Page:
GPS, Your Smartphone, and Your Brain

Though the data can only be extrapolated so far, Lerch’s mouse studies suggest that human brains begin to reorganize very quickly in response to the way we use them. The implications of this concern Bohbot. She fears that overreliance on gps, which demands a hyper-pure form of stimulus-response behaviour, will result in our using the spatial capabilities of the hippocampus less, and that it will in turn get smaller. Other studies have tied atrophy of the hippocampus to increased risk of dementia. “We can only draw an inference,” Bohbot acknowledges. “But there’s a logical conclusion that people could increase their risk of atrophy if they stop paying attention to where they are and where they go.”

via “Global Impositioning Systems” by Alex Hutchinson | November 2009 | The Walrus.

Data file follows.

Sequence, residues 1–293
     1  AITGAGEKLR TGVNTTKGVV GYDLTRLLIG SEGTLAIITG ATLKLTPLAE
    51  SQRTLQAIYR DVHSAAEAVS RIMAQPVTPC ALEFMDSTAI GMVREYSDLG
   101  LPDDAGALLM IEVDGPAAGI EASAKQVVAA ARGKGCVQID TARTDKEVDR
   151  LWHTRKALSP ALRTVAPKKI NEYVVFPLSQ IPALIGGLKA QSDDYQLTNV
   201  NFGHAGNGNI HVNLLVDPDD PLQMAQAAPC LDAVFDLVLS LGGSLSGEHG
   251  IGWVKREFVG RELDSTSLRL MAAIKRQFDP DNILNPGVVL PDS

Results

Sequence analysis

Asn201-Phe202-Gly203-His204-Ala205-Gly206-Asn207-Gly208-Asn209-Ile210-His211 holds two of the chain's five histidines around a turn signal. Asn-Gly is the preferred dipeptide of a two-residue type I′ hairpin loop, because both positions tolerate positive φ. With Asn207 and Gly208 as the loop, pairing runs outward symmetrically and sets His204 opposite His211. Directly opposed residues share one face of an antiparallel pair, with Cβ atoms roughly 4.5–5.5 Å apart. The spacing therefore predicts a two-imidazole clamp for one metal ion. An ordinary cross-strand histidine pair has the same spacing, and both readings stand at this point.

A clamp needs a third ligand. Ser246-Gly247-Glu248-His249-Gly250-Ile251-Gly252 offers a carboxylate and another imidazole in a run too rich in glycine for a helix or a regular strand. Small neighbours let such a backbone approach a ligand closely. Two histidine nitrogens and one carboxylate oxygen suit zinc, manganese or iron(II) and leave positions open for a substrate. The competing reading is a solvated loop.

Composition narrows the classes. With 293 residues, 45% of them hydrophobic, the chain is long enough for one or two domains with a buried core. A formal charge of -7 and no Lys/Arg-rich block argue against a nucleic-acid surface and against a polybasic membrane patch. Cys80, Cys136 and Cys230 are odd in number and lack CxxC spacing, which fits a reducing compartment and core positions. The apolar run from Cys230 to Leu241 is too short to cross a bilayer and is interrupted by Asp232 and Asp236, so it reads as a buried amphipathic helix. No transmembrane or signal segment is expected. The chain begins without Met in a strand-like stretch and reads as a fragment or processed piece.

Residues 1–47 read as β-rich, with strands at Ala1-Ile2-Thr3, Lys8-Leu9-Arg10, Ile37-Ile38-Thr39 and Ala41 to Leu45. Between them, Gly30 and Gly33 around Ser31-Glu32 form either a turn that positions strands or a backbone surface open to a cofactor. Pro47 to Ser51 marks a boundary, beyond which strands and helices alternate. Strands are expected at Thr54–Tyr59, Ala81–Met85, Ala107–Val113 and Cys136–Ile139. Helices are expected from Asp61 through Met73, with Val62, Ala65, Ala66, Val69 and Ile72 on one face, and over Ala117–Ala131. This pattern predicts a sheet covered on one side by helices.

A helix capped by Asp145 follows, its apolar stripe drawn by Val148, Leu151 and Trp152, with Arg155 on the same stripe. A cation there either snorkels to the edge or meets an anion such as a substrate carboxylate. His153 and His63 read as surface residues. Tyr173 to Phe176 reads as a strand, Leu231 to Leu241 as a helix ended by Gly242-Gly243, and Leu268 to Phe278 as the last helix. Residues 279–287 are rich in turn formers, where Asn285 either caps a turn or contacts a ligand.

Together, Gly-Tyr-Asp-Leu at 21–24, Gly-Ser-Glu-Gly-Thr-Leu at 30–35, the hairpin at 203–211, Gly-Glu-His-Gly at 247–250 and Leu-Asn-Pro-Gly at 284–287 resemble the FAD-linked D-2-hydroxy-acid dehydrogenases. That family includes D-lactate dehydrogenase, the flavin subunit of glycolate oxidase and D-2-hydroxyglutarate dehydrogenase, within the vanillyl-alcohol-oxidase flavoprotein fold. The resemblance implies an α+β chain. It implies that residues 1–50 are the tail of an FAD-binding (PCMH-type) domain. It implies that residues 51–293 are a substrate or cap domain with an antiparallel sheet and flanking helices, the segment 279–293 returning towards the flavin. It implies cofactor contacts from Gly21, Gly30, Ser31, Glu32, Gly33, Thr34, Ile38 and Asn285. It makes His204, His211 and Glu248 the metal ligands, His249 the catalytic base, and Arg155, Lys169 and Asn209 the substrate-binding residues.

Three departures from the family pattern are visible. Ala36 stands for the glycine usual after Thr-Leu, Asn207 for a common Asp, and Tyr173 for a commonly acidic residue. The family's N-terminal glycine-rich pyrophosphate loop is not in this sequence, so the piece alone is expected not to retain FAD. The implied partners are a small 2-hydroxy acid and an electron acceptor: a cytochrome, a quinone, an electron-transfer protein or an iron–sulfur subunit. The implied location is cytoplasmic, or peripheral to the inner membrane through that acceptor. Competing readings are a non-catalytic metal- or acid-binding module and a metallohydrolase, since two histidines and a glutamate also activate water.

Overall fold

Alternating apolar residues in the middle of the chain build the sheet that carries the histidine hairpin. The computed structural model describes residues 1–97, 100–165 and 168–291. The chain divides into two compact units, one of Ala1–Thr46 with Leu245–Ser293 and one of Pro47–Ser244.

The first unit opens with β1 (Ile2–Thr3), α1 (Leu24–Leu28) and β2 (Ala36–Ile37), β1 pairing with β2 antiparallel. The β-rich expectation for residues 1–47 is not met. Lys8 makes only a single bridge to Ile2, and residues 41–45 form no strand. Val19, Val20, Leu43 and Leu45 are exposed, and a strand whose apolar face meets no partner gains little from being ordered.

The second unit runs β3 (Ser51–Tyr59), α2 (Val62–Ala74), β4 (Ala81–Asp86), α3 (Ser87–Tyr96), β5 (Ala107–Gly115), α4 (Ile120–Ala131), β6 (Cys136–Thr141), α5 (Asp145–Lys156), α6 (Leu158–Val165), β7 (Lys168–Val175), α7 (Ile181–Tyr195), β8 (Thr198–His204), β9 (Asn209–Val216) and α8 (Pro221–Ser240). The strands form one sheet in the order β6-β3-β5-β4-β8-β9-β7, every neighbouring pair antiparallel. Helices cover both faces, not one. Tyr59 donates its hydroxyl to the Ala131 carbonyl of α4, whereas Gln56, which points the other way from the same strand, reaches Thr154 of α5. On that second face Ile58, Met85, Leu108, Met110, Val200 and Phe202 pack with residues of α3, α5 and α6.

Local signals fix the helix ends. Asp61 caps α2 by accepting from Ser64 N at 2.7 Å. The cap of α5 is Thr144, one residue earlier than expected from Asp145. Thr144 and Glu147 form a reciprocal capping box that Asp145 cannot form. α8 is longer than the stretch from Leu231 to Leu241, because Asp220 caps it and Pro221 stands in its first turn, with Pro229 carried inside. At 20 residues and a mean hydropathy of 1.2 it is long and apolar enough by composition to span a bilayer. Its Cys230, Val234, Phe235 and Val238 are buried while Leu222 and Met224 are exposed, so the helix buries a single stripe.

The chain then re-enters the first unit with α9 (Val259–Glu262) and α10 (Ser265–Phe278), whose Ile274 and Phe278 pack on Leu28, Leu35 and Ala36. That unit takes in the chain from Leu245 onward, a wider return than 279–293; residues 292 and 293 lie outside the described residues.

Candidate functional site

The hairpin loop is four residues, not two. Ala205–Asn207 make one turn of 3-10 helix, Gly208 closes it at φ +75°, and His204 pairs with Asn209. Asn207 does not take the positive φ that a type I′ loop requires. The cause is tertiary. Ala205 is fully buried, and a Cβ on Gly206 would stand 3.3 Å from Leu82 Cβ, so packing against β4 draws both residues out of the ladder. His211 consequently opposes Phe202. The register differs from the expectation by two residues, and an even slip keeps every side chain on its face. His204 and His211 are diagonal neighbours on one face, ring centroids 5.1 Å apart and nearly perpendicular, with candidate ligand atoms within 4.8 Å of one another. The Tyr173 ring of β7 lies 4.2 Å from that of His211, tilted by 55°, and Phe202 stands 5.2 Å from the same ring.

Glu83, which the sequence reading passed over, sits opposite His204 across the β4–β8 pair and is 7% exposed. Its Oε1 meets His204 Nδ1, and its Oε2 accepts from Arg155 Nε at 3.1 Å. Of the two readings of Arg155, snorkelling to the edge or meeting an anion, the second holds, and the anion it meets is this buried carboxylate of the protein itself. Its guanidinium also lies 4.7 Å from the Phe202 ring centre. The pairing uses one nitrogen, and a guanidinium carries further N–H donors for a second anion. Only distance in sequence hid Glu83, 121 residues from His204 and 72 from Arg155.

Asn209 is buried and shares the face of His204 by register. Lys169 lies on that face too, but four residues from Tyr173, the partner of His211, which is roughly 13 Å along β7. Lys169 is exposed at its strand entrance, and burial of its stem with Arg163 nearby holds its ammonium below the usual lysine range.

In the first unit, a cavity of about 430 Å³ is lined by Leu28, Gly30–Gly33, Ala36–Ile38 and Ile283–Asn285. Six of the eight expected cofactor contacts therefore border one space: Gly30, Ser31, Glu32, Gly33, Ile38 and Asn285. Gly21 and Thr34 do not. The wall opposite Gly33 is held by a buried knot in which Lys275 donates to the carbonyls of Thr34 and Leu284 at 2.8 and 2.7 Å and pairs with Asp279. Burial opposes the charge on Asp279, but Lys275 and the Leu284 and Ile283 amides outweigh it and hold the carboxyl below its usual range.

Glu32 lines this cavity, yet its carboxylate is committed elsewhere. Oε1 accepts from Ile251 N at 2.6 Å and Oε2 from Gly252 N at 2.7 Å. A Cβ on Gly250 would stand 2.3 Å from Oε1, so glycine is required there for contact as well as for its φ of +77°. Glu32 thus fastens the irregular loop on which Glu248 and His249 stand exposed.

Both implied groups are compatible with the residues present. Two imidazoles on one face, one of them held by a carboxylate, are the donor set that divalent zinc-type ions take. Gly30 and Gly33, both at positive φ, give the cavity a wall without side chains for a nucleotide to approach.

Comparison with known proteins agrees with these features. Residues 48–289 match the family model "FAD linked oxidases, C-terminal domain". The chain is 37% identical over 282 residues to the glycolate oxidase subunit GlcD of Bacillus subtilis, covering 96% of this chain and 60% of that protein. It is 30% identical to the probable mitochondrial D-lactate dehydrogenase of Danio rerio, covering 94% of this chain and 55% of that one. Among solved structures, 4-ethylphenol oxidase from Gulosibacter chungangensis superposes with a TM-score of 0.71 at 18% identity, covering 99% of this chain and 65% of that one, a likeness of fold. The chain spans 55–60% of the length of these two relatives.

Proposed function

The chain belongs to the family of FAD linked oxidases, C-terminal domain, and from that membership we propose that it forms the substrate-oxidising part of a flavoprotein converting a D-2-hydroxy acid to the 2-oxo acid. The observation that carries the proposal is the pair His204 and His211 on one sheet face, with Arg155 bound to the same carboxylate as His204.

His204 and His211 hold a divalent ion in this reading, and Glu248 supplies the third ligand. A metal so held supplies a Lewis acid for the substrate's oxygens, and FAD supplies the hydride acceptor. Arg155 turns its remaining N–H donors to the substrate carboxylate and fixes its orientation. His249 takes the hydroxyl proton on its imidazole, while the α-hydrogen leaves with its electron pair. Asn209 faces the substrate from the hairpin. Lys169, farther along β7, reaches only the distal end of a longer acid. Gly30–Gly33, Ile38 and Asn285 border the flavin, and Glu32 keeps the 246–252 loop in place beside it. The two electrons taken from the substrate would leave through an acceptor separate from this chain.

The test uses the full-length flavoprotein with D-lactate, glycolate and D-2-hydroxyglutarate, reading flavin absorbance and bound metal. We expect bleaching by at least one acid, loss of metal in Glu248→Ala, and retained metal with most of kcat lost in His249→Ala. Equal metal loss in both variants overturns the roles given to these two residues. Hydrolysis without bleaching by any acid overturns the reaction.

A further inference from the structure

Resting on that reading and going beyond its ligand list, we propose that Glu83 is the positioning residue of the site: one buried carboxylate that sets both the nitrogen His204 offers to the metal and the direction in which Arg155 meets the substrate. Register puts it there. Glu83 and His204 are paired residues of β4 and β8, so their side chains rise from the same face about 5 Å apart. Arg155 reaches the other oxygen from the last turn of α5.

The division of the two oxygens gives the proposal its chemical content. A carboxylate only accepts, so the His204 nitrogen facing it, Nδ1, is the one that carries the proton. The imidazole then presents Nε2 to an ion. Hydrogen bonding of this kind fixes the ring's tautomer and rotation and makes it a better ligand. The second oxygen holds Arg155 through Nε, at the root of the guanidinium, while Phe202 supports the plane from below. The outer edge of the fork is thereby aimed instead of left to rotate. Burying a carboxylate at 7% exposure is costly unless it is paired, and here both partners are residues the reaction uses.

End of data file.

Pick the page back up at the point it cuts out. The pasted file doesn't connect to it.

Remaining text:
Long, but really informative article on the implications of reliance on GPS and its affect on our brain.

 

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And You Thought Test-Taking Was a Bad Thing

 

 

via Test-Taking Cements Knowledge Better Than Studying, Researchers Say – NYTimes.com.

Taking a test is not just a passive mechanism for assessing how much people know, according to new research. It actually helps people learn, and it works better than a number of other studying techniques.

How will this new research impact what I do in the classroom?  I’m not sure – I definitely need to learn more about it – but anything that helps students remember the information is the way to go.

Read the full article for some insight into what scientists think about why this technique works.

 

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